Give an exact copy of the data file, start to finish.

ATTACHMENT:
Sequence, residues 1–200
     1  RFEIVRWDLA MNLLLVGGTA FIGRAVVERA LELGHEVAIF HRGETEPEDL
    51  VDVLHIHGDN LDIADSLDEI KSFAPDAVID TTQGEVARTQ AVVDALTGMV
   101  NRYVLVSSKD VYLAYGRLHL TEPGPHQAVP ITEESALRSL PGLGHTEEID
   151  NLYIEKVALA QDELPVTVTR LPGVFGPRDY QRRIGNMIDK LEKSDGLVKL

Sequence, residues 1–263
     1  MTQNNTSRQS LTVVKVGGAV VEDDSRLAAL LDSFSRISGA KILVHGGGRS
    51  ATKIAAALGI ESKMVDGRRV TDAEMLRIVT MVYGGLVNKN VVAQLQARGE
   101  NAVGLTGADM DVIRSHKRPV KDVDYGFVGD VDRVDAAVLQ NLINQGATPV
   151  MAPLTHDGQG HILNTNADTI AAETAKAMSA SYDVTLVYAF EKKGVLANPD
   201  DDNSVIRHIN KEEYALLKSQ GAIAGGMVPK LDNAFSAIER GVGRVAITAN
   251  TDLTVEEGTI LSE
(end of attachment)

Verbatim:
Sequence, residues 1–200
     1  RFEIVRWDLA MNLLLVGGTA FIGRAVVERA LELGHEVAIF HRGETEPEDL
    51  VDVLHIHGDN LDIADSLDEI KSFAPDAVID TTQGEVARTQ AVVDALTGMV
   101  NRYVLVSSKD VYLAYGRLHL TEPGPHQAVP ITEESALRSL PGLGHTEEID
   151  NLYIEKVALA QDELPVTVTR LPGVFGPRDY QRRIGNMIDK LEKSDGLVKL

Sequence, residues 1–263
     1  MTQNNTSRQS LTVVKVGGAV VEDDSRLAAL LDSFSRISGA KILVHGGGRS
    51  ATKIAAALGI ESKMVDGRRV TDAEMLRIVT MVYGGLVNKN VVAQLQARGE
   101  NAVGLTGADM DVIRSHKRPV KDVDYGFVGD VDRVDAAVLQ NLINQGATPV
   151  MAPLTHDGQG HILNTNADTI AAETAKAMSA SYDVTLVYAF EKKGVLANPD
   201  DDNSVIRHIN KEEYALLKSQ GAIAGGMVPK LDNAFSAIER GVGRVAITAN
   251  TDLTVEEGTI LSE